I had the opportunity to work with the very talented Global Optimization team on a project related to inventory targeting for Freestyle. To make sure our items are seen by the people to whom they matter the most, and to provide an excellent personalized shopping experience, we solve a variation of the classic assignment problem. Solving the assignment problem seeks to make an optimal set of decisions that assign products to clients based on their corresponding ‘match score’: a cutting-edge internal prediction of how likely a client is to purchase an item if we show it to them. The assignment decisions are also subject to constraints on the number of items each client sees and inventory constraints to ensure we don’t over-assign items.

We can formulate and solve the assignment problem as a standard integer program (IP):


Where xc,s are our assignment variables, msc,s is the ‘match score’, Qs is the inventory, and N is our bound on the number of items to show a client. Indices c and s refer to clients and items respectively. Our objective is to maximize the expected sales. Generally, the solution time to solve an arbitrary IP using a standard solver like Gurobi/CPLEX scales poorly with the size of the problem. Solving the above inventory targeting problem using traditional solvers with the amount of clients and merchandise that Stitch Fix deals with quickly becomes computationally intractable.

Network flow algorithms to the rescue!

Special cases of the assignment problem can be re-framed and solved using polynomial time network flow algorithms such as the well known push-relabel algorithm [1]. To do this, we re-frame our problem as a directed graph G(V,A) with vertices V and arcs A and search for a ‘flow’ (an assignment of real values to the arcs) from the clients to the products that represent our assignment decisions.

I spent the bulk of my internship researching and implementing a generalized network flow algorithm called the Wallacher-Style GAP Canceling algorithm [2] that can handle the unique inventory constraint above that bounds expected sales by the product inventory. This constraint disqualifies some of the more popular maximum-flow algorithms because we are not able to work with integers in our graph representation. In addition, domain knowledge allowed me to develop problem-specific heuristics and warm start procedures that further improved the performance of the algorithm for our application. In the future, the fast solver for the Freestyle assignment problem that I developed will enable us to re-solve the problem as the inventory assortment changes to provide a better client experience and make sure every client sees the best in stock merchandise available.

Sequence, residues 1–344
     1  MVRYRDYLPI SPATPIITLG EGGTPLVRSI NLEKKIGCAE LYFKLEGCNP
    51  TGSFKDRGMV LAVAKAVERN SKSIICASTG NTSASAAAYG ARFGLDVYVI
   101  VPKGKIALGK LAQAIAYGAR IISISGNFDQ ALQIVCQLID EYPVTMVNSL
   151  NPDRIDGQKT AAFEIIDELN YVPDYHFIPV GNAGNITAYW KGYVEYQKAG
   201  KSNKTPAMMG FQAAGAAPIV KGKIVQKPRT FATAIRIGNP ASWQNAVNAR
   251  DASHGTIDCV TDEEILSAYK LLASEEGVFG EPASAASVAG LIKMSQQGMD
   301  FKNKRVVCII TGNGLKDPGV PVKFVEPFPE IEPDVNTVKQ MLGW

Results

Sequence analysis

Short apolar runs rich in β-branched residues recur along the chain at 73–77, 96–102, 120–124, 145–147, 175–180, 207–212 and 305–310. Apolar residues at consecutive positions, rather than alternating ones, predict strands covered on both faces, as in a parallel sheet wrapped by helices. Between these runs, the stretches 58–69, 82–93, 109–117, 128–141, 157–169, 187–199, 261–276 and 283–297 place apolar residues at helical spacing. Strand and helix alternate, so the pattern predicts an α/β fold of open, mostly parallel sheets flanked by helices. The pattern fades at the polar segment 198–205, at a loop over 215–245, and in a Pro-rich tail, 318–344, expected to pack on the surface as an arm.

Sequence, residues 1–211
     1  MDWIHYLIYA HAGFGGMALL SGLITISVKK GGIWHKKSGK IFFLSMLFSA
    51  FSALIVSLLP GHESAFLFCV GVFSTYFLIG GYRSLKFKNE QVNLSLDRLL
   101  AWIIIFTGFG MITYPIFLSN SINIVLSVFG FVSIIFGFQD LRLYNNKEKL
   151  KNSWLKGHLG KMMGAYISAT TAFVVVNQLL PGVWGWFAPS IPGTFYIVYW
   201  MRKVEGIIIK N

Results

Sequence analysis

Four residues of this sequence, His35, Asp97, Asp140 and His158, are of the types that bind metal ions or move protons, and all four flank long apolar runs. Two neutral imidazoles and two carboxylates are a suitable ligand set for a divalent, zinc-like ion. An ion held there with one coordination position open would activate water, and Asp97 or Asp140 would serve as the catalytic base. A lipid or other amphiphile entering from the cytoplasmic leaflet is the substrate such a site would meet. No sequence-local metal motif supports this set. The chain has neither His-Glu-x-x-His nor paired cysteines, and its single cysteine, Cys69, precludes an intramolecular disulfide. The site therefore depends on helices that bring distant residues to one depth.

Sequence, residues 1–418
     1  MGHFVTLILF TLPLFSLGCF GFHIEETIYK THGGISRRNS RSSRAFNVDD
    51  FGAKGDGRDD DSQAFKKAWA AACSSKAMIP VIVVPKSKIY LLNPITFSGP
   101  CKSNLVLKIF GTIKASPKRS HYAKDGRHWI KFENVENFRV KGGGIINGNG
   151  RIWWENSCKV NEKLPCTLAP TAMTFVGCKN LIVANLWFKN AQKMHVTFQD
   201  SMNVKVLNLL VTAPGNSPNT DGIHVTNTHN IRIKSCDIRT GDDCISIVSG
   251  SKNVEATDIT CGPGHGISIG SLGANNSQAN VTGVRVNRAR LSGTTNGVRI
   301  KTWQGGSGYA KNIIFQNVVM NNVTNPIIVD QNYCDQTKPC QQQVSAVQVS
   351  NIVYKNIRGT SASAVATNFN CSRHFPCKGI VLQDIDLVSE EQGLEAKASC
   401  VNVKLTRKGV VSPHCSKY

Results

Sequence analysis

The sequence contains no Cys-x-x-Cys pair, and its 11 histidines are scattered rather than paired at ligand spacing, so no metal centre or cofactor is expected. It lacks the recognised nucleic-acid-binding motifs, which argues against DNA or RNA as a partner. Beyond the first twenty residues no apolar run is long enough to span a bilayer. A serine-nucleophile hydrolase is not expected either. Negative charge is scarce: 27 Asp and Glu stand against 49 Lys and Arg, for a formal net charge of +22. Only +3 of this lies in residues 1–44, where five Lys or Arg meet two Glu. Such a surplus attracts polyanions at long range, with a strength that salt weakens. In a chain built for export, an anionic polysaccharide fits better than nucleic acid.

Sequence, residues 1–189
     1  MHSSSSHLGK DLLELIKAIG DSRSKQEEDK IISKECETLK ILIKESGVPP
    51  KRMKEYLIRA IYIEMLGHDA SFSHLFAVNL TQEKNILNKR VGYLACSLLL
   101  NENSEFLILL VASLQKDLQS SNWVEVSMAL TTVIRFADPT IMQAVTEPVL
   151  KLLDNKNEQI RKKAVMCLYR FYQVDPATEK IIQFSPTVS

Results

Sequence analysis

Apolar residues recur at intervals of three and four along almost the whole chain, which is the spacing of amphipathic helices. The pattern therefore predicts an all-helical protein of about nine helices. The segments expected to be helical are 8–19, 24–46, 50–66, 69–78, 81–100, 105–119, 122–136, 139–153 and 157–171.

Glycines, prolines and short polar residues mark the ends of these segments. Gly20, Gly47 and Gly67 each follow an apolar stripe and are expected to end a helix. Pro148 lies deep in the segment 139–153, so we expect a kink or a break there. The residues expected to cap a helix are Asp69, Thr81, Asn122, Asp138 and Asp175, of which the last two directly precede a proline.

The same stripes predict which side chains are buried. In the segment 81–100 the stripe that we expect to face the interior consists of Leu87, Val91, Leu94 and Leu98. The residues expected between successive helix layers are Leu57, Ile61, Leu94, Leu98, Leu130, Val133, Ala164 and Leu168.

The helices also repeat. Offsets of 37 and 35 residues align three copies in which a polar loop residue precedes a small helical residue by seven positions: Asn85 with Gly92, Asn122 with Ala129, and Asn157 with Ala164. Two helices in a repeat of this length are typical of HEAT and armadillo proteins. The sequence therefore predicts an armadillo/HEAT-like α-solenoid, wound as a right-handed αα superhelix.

References: [1] A V Goldberg and R E Tarjan. 1986. A new approach to the maximum flow problem. In Proceedings of the eighteenth annual ACM symposium on Theory of computing (STOC ‘86). Association for Computing Machinery, New York, NY, USA, 136–146. https://doi.org/10.1145/12130.12144 [2] Restrepo, M., Williamson, D.P. A simple GAP-canceling algorithm for the generalized maximum flow problem. Math. Program. 118, 47–74 (2009). https://doi.org/10.1007/s10107-007-0183-8

Style-level True Demand Forecasting

Pau Korpajarasoontorn, MS Analytics student at Georgia Institute of Technology